Boardman: Consolidated Fire’s latest ‘big flip’ shouldn’t be a surprise
Observations from the center stripe: Snail’s pace edition
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Several elected and appointed officials were left dumb-founded a couple of weeks ago when the clown college that runs the Nevada County Consolidated Fire District decided out of the blue to hire a new fire chief.
Until that political pipe bomb was detonated, officials of Grass Valley and Nevada City were under the impression they were working with Consolidated representatives to form a joint fire department.
Just a week before the about face, all three parties “left the table feeling great, handshakes all around, looking wonderful” about a plan to hire a single chief for the three jurisdictions, said Nevada City Councilman Duane Strawser.
“They presented the idea from the beginning,” he told The Union. “It’s almost like, behind the scenes, they appointed someone in-house, which is what they wanted to do in the first place.”
Everybody joined hands Aug. 14 to announce the new department would be headquartered in Grass Valley and that things were moving so quickly, they could start recruiting a new chief by Oct. 1.
“I’m very comfortable that we have the right group to make it happen,” Strawser said then. “This should have been accomplished a long-time ago.” Grass Valley Mayor Dan Miller said, “We’ve thought about this for so long, I’m surprised it was this easy.”
Western Nevada County has eight small fire departments — many using volunteers and part-timers — to provide fire protection to one of the most heavily wooded residential areas in the state. Many of the departments face increased pension payments that strain budgets at a time residents resist increasing taxes.
One solution to the dilemma is the consolidation of firefighting resources, an idea that was endorsed by the county board of supervisors as far back as 1992, and that has been gaining traction the last couple of years.
Everybody assumed Consolidated was onboard with the idea after directors voted in February to sign a joint operating agreement with Grass Valley and Nevada City while committing itself to exploring “a shared senior administration,” board chair Warren Knox said then, adding the next step is to “find out who else is committed to the shared chief idea …”
Alas, Grass Valley and Nevada City didn’t take into account the dysfunctional board that runs Consolidated. Even Knox, who participated in the Aug. 14 love fest, said he was “as surprised as anybody else” when the board approved director Keith Grueneberg’s recommendation to appoint a chief and deputy chief.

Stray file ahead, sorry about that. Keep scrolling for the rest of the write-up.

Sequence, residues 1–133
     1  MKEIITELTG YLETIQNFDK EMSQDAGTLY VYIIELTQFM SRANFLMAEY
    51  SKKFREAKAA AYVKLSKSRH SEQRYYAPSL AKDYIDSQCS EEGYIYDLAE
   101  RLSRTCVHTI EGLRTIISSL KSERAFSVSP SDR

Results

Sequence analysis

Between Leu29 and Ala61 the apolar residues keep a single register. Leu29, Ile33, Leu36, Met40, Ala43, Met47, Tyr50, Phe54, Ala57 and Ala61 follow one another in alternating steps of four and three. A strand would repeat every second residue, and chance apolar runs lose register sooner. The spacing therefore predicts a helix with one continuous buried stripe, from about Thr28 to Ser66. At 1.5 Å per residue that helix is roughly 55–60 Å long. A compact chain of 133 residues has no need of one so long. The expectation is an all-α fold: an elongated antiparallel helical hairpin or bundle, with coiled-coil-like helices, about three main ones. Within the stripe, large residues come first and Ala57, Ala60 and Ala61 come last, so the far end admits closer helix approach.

Consolidated officials still haven’t offered a public explanation for the coup, but it apparently had to do with money and power. ”They (staff) was doing a deep-drill analysis on the financials,” Knox told The Union. “By the time I got the information…there was no time to share it with our partner agencies.”
None of this probably surprised Supervisor Hank Weston, a retired fired chief who was drafted in January to try to broker a deal between local fire agencies. He said then the impediments to combining forces “are the chiefs and board members. The chiefs don’t want to lose their positions, and the board members don’t want to lose their power.”
Since none of the three departments had permanent chiefs, the only remaining impediments were the board members. Consolidated’s board apparently doesn’t want to contribute 60 percent of the operating cost for the new department while Nevada City kicks in just 8 percent.
Concern about money is a real reversal for a fire district that has so mismanaged its affairs that it has projected a deficit ranging from $567,000 to $4 million (pick a number, any number) through 2018-19 despite voter approval of a tax increase that will generate an additional $850,000 a year in revenue.
Nobody knew Consolidated was in such dire financial shape until after voters passed the tax increase in March 2012. That’s because district officials were — shall we say — less than forthcoming about the department’s financial straits, a preview of how they’ve handled negotiations with Grass Valley and Nevada City.
In the run-up to the March 2012 vote on a tax increase, officials told the public none of the new revenue would go to firefighter salaries, stressing the need to keep two stations open around the clock while maintaining and purchasing new equipment.
District officials didn’t reveal an agreement made with the firefighters union five months before the vote to revisit previous concessions if the measure passed. Eight months after voters approved the tax hike, the board restored $60,000 in pay step increases and holiday stipends.
The same officials talked about a 7 percent pay cut taken by firefighters, their contribution in tough times. They didn’t bother to say the cut was in step increases and overtime, not baseline salaries.
None of this seemed to bother former director Bob Rhodes, who said the following last December at a meeting of the district oversight committee, apparently with a straight face:
“I think the district did a tremendous job of trying to make the people aware, to communicate. My sense was never that things were being untruthful. My sense is that they were trying to paint a clear picture and not oversell.”
But wait, there was more: “I can understand and appreciate that not everybody in the general public feels that way, but I honestly don’t think the general public has a clue about fire service.”
No, the clueless people are the directors and people who voted them into office.
George Boardman lives at Lake of the Pines. His column is published Mondays in The Union.
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